5.8/10
90
5 user 1 critic

Pony Express Days (1940)

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A youthful Buffalo Bill Cody joins the newly-formed Pony Express as a station hand and replaces the regular rider when he is shot by Southern sympathizer.

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Writer:

(original screenplay)
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Cast

Complete credited cast:
...
...
Johnny Frey
...
Bolliver Roberts
...
Nevada Jim (as J. Farrell McDonald)
Joe King ...
Colonel Joseph Randall (as Joseph King)
...
Tipton Walton
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Storyline

Young Bill Cody wants to be a Pony Express rider, but is too heavy. When one of the riders is shot by Southern sympathizers while delivering vital mail, Cody must ride the route himself. Written by Jim Beaver <jumblejim@prodigy.net>

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Certificate:

Passed | See all certifications »
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Details

Country:

Language:

Release Date:

13 July 1940 (USA)  »

Also Known As:

Buffalo Bill and the Pony Express  »

Company Credits

Production Co:

 »
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Technical Specs

Runtime:

Sound Mix:

(RCA Sound System)

Color:

(Technicolor)

Aspect Ratio:

1.37 : 1
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Did You Know?

Trivia

Vitaphone release #9834-9835. See more »

Quotes

[last lines]
Nevada Jim: [to Johnny] I'm goin' back to huntin' buffalo where a man can use his brains. My young friend Buffalo Bill is comin' along with me.
[to Bill]
Nevada Jim: Ain't yuh, hunh?
Johnny Frey: [to Bill] So, you've been believin' ol' Nevady's lies all along?
Nevada Jim: Hunh?
Bill 'Billy' Cody: Buffalo Bill Cody? It's got kinda a nice sound, doesn't it, Johnny?
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Soundtracks

Oh! Susanna
(1848) (uncredited)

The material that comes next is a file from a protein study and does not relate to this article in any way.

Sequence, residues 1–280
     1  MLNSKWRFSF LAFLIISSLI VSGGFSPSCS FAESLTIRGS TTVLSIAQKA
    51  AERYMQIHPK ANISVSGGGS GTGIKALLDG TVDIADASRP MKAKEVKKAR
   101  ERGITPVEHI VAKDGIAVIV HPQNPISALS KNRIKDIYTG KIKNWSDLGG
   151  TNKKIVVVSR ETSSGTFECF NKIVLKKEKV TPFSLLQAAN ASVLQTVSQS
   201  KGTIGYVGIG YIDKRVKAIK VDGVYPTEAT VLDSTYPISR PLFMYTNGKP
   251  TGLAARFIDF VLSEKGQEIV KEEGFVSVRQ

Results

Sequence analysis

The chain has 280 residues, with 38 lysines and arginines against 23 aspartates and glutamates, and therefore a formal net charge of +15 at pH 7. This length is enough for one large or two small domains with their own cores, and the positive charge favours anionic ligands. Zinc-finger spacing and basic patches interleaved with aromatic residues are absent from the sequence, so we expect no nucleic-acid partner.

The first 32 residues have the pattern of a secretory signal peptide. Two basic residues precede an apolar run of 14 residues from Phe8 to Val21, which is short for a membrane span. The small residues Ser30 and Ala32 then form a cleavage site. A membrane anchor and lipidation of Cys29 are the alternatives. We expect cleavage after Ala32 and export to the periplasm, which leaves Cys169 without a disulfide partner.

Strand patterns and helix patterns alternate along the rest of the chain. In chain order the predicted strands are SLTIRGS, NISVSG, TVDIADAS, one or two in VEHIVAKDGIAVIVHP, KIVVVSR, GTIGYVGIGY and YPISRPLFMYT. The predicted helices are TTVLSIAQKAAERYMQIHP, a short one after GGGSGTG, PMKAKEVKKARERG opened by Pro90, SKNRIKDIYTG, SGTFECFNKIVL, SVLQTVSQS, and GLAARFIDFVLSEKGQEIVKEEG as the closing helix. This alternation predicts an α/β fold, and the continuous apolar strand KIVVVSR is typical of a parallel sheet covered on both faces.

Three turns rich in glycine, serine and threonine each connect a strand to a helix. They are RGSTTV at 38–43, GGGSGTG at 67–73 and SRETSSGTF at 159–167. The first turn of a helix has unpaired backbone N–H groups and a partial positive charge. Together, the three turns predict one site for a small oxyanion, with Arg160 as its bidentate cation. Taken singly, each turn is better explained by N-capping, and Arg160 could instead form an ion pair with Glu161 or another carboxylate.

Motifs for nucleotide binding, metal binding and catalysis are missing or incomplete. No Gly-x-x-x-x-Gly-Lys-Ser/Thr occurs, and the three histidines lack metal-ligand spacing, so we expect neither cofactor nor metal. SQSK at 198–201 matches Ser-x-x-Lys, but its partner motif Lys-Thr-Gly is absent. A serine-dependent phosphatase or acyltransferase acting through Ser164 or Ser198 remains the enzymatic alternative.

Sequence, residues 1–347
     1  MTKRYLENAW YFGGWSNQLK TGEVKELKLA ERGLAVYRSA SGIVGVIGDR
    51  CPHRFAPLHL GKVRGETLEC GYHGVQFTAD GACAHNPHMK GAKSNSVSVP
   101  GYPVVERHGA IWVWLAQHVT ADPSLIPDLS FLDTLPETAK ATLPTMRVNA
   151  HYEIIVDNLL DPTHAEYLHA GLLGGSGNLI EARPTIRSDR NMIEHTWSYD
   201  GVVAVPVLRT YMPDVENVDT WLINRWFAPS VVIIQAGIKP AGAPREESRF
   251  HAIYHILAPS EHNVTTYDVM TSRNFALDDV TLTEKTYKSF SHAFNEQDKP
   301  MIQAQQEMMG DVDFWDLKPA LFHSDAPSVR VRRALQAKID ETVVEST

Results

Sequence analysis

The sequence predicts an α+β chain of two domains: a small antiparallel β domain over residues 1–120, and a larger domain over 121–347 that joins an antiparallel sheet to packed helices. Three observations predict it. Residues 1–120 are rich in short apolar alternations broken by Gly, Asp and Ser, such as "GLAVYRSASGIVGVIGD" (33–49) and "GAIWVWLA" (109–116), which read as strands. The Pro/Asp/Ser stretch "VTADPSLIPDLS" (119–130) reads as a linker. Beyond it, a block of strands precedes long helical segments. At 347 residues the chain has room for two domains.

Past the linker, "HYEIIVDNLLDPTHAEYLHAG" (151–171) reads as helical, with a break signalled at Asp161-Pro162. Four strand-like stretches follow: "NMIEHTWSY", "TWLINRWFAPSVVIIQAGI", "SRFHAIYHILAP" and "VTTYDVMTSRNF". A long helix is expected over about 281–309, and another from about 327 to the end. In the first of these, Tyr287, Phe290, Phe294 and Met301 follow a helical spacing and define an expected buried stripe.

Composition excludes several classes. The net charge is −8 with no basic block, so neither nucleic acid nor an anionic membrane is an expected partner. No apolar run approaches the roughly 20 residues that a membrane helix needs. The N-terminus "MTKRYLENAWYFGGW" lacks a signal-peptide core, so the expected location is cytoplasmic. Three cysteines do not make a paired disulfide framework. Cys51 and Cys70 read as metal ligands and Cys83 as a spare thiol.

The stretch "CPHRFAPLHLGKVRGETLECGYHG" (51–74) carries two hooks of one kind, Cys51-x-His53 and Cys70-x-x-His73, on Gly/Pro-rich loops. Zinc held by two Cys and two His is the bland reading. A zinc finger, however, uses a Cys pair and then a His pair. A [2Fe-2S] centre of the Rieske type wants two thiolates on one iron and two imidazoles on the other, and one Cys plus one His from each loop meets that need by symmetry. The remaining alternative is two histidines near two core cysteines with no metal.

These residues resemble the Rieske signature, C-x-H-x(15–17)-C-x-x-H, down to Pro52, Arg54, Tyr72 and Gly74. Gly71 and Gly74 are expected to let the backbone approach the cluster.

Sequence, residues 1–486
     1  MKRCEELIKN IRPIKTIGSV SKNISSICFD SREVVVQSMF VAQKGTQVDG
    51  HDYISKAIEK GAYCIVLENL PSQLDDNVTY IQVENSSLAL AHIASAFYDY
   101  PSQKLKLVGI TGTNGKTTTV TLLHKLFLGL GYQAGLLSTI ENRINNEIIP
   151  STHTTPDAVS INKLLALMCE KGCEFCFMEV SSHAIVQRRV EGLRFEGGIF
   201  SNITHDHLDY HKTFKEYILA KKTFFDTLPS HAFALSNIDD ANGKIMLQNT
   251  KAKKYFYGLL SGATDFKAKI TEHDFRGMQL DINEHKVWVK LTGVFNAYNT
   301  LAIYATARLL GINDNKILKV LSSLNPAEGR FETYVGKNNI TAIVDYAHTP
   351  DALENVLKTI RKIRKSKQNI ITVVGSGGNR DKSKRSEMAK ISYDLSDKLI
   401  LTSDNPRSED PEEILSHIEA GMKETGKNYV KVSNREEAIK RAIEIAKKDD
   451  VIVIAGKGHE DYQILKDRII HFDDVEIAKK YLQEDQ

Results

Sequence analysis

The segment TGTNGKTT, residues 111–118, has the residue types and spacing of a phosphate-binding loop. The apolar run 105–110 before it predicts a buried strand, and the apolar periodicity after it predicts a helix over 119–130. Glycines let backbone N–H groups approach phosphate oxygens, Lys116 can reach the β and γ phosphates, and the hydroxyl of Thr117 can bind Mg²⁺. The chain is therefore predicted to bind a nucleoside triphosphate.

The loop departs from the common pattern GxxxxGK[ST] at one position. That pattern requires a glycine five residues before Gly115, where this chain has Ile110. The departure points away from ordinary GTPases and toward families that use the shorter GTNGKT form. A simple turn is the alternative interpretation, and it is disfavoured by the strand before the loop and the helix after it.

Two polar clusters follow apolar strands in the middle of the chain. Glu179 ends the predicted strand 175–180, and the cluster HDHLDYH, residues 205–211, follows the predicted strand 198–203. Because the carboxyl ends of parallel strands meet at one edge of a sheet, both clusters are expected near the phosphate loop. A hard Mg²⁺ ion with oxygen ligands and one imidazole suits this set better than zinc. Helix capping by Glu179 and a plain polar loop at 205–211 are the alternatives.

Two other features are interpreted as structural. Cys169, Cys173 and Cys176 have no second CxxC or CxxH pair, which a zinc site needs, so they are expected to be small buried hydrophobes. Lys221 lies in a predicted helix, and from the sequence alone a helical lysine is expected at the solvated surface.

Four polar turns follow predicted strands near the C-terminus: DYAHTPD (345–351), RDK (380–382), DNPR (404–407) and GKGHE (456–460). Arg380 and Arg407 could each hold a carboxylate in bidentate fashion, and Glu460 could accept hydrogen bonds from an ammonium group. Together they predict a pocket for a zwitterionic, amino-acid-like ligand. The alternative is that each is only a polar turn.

Written by Stephen Foster
Played in the saloon and as background music
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User Reviews

George Reeves as a young Buffalo Bill
26 October 2005 | by (Texas) – See all my reviews

This was a short film made in 1940, back when they used to show features like this before or in between movies.

The plot is rather rather predicable -- and to my knowledge -- pretty historically inaccurate. It is about a privately owned parcel service that tries to link up Missouri and California. They believe their business will do better if they can get news of Abe Lincolns election to CA in record time, which upsets some Southern sympathizers who believe they won't get California to join the Confederacy if they know that Lincoln won. (?) What ever one wants to make of the plot, the important thing about the film is that absolutely beautiful western scenery in stunning technicolor, which seems to have been the real draw in the first place. In a time when very few films were in color -probably none that were shown with this - the audience must have really gotten a kick out of this films painting like cinematography and vivid action sequences.

It IS available on DVD -- I ran across it on the 1st season of "The Adventures of Superman"


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